People who are likely to need information and advice include, but are not limited to:

  1. People (and/or their families) wanting to plan for their future Care and Support needs;
  2. People (and/or carers) who may have developed Care and Support needs (or Support needs), or whose current Care and Support needs (or support needs) may have become greater;
  3. People (and/or carers) who have not presented to the Local Authority for assessment but who are likely to be in need of Care and Support (or Support);
  4. People (and/or carers) who have been referred to the Local Authority (or who have self referred) and are either awaiting allocation for an assessment or other course of action;
  5. People (and/or carers)who have already been assessed and are in receipt of Care and Support from the Local Authority;
  6. People (and/or carers) whose Care and Support plans (or Support plans) are currently being reviewed;
  7. People who are subject to adult safeguarding concerns;
  8. Informal or paid carers, professionals or agencies who have concerns about a person with needs for Care and Support;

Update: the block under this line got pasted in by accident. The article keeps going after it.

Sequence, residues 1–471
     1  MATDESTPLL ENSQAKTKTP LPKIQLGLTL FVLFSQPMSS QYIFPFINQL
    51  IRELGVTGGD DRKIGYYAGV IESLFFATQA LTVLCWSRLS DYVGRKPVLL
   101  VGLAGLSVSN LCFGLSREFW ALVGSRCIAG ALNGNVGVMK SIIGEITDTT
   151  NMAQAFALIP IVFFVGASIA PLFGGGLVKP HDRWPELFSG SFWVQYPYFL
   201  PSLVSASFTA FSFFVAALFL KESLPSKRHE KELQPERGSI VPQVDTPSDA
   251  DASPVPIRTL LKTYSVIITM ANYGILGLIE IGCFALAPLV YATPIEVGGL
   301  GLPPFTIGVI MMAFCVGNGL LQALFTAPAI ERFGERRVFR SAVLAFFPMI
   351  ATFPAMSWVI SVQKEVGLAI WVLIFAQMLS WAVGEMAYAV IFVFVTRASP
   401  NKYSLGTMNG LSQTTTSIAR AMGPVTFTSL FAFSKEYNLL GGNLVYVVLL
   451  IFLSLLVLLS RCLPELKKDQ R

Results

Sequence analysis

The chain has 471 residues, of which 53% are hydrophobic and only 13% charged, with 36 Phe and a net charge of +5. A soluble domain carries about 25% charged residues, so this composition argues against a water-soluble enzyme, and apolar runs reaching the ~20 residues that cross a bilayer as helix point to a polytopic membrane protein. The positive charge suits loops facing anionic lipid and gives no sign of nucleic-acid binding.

9. People seeking information about financial matters concerning care and support, including understanding the financial implications of any Care and Support needs, a Direct Payment or an appointeeship;
  10. People ( and/or their families) wishing to complain, question or challenge a decision made by the Local Authority; and
  11. Care and support staff who have contact with and provide information and advice as part of their jobs.

In order to support people the Local Authority must make sure information and advice is provided on the following matters in particular;

Caption: Type of Information/Advice
Type of Information/Advice Example
The local Adult Care and Support System Referral process, Assessment process, eligibility criteria, safeguarding, advocacy, aids and adaptations, Technology Enabled Care (TEC)
The choice/types of Care and Support available (including providers details and the cost of services) Reablement, Residential placements, Specialist provision, community-based/informal services such as befriending
How to access the Care and Support available How to request an assessment or review, how to access as a self funder, how long it may take
Personalised information specific to needs Health information around conditions, NHS Continuing Healthcare, support available for carers to meet needs informally and develop skills